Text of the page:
I read some of the brief notes that you sent me of the themes but what I saw was like an Edward Munch drawing of a female figure that is specific yet like a slightly fading memory. She’s a haunting and visible influence but not the central figure. Sometimes she is visible and sometimes she retreats. Very nostalgic. Seasonally, spring and summer of human experience is young and optimistic. Untried and hopeful. The end of that season brings the loss of the idealistic love, new directions and a more seasoned experience as well as the remembrance of the past.
It was toward the end of summer and the cicadas were creating presence. They’re such commanding looking and sounding creatures. They are so beautiful and very underappreciated just for being who they were created to be I felt the summer activity and heat, calmness of the evening and the knowing that things are changing despite the desire to hold more tightly.
Some of the texture may be lost digitally or on the printed copies.
Will you describe the techniques you used to create this diptych?
I decided to go wild somewhat and work as intuitively as possible. I had the freedom to not be literal. The songs were written and sung by others. I didn’t want to have my work be illustration and have the start and stop be one step away from each other. I don’t like when album artwork or videos define the meanings and then the viewer can’t bring their own experience in anymore.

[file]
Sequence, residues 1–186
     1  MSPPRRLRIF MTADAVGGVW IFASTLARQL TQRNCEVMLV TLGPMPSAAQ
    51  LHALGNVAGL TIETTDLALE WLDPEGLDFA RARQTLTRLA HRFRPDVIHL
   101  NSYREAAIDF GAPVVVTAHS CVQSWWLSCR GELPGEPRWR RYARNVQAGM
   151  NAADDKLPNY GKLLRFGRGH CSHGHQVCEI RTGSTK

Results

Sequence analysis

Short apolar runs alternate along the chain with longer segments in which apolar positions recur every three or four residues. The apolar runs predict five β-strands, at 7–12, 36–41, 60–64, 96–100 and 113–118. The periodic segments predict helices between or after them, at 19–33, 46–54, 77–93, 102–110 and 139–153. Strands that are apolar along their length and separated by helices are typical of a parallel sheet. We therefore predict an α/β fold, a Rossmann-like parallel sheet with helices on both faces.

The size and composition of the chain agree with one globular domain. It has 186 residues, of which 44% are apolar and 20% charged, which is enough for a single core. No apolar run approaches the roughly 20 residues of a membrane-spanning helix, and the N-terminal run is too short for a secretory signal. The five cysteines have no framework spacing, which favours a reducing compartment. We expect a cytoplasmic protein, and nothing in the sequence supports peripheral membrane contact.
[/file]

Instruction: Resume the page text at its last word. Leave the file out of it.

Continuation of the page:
After I made that decision, I jumped into the process. I used two yellow oil paint toned panels. Later I used some white and black gesso and black ink sprays to create an unpredictable and weathered background areas. I made some of the gesso very thick and went back while it was wet and drew cicadas into the thicker areas with wood sticks and ink again to create depth and interest. After that was dry I worked as hard to not make everything neat and clean because life is messy and it seemed like that was also a theme of the album. I worked in and rubbed down oil pastels, mixed media crayons, inks, etc. over and over until it had the hazy feeling of remembrance, passion, faith, and loss that makes up human experience. The gold is heightening and relates to blessing and my manuscript and icon works.
How did we become friends?
We met through my husband Garabed—and I believe you two met because of your deep rooted Orthodox Christian faith. My husband has a deep respect and appreciation for you. Because of this I have the pleasure of knowing you through shared experiences, such as visiting weeping holy icons, the intensive Bulgarian icon writing class we took, and you also mentored me in my journey of art marketing via social media.
Anything else you’d like to add?
I am thrilled to be invited into this project. May my artwork contributions help the listeners listen more deeply. The original artworks are for sale and we are conspiring to make prints, t-shirts, and other items available.
My work can be seen on my website www.MoniqueSarkessian.com
Thank you for inviting me into your worlds!